Today, the Excelsior Club sits abandoned at 921 Beatties Ford Road in Charlotte, North Carolina. You would hardly recognize that this space was once a thriving hub for Charlotte’s African American community. Opened during legal segregation, the Excelsior Club was Charlotte’s premier African American social club.
Social clubs can be groups of people or, in the case of Excelsior, a physical place. Traditionally, these organizations require paid membership. In return, members can use the physical space for social or recreational purposes. Excelsior founder Jimmie McKee realized that Charlotte’s African Americans had no such space to safely gather and fellowship and did not have a place they could do so and feel respected as human beings. McKee had worked in several white country clubs and similar spaces, where he learned how they operated. He also gathered information from friends who worked at country clubs and social societies.
In 1944, Jimmie and his wife Minnie McKee purchased a seven-room, two-story house built in the 1900s in the Washington Heights neighborhood. Washington Heights was a planned neighborhood designed to house Charlotte’s growing African American middle class. A group of white land developers saw that opportunity and bought farmland along Beatties Ford Road. By 1913, Washington Heights was open for residents as a streetcar suburb. The neighborhood was named after Booker T. Washington, and some of the streets also honored African Americans.
Because of Washington Heights’ status as a middle-class neighborhood, it was the perfect setting for the Excelsior Club, because many of the black professionals this exclusive members-only club attracted already lived in the community. Lawyers, doctors, educators, businessmen, and even ministers were members. Membership was very selective as each candidate was screened. Potential members also had to be referred by a current member. As membership grew, so did the physical space. In 1952, the Excelsior expanded to what we see today on Beatties Ford Road. The Excelsior Club became the go-to social club and political and social organizing space.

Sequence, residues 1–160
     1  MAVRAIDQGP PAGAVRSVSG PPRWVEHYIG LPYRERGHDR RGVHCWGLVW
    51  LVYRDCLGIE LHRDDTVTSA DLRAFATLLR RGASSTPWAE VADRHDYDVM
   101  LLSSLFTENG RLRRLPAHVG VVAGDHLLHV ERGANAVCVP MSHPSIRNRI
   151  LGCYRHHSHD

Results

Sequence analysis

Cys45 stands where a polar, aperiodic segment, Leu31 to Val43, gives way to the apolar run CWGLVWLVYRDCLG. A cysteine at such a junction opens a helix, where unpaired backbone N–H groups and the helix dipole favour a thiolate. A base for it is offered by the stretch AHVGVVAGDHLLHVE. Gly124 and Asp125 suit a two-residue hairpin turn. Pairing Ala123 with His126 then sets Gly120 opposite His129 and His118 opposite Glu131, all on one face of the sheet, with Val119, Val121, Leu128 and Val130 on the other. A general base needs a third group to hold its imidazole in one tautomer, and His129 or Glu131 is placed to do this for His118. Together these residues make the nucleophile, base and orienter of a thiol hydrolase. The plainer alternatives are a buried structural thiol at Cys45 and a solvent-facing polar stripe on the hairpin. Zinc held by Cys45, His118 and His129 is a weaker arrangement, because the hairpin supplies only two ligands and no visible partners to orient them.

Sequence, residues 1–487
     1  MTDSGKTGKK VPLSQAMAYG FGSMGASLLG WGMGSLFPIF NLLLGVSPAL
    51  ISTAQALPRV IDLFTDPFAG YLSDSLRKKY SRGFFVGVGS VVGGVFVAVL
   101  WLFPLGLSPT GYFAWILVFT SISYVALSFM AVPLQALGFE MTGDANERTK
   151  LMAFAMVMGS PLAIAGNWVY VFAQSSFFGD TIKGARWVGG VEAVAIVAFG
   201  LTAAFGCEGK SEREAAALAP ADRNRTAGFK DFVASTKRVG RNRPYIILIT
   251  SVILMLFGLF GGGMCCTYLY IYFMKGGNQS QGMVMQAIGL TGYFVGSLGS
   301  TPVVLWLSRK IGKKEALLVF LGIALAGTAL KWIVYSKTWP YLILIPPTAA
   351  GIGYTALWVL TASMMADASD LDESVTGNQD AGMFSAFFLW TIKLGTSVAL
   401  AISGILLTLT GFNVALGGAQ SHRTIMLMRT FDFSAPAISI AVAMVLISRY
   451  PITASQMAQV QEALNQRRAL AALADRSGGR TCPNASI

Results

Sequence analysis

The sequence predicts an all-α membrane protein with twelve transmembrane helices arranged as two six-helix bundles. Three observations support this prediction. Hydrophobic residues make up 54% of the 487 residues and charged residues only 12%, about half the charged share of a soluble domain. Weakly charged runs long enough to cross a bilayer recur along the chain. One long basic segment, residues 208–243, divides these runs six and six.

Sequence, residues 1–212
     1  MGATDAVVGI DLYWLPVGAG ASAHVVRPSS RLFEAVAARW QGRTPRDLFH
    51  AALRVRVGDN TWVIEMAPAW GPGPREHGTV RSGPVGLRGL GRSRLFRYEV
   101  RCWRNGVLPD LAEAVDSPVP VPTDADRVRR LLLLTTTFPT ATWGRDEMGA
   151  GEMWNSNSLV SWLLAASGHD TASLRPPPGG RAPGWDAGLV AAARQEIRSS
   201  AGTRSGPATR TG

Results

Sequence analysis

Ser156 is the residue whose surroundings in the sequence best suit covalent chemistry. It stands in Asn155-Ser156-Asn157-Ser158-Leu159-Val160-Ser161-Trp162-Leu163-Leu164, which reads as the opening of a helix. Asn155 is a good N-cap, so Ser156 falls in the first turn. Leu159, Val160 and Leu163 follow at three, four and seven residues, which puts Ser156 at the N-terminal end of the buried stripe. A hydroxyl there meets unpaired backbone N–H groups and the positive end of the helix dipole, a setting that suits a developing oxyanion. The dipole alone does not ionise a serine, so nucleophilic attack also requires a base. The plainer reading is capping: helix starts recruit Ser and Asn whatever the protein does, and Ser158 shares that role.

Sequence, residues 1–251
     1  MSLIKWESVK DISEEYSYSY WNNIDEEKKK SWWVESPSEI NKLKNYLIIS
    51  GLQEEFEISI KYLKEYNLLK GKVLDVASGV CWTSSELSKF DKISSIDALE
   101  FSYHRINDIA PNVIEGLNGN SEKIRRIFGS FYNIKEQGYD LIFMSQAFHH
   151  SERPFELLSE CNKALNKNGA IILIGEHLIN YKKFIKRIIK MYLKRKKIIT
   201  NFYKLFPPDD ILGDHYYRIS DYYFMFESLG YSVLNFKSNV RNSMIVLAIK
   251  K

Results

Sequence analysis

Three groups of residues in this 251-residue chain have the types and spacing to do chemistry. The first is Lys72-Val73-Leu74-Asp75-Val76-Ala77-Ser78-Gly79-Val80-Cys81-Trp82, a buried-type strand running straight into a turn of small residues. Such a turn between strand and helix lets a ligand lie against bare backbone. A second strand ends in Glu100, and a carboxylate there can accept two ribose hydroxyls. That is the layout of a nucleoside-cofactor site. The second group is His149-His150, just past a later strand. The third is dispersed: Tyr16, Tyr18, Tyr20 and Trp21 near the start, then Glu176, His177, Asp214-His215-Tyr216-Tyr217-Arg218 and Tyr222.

The Excelsior Club hosted many events. Before desegregation, many Charlotte companies hosted events for their black employees at Excelsior. Several community groups and other organizations held their regular meetings there. Excelsior was not only a social hub but also a political hub for African American Charlotte. White, as well as African American, political candidates campaigned and canvassed at Excelsior. In 1946, a white Democratic sheriff candidate campaigned there and won the election.
In 1985, City Councilman Charlie Dannelly announced he would run for re-election at Excelsior. Bill Clinton and Al Gore stopped along their campaign trail at the Excelsior Club in 1992. Excelsior was well known for its fantastic service and phenomenal live performances. Musicians like Nat King Cole, James Brown, and Louis Armstrong graced its stage. These things made the Excelsior Club the leading Black social club in the Southeast.
The Excelsior Club closed in 2016 as business slowed and maintenance costs grew. Today, if you were to drive by the Excelsior Club, you would see a building weathered by time. In 2019, it was on the National Trust for Historic Preservation’s list of America’s Most Endangered Historic Places. The Club was purchased in 2020 by Kenwood Investments. The new owners have shared that they respect the site’s historical significance. They envision the possibility of an Excelsior with a boutique hotel, an upscale restaurant, an indoor/outdoor performance area, and a neighborhood event space. This project has yet to start and has been delayed by the Covid-19 pandemic. But the new owners remain optimistic.
Members of the African American community fondly remember the Excelsior Club. Political strategist Aisha Dew recalled that: “In the black community before urban renewal and now gentrification, you had these self-sustaining communities in a lot of ways, where everyone across all spectrums kind of interacted… and the Excelsior was a place for that.”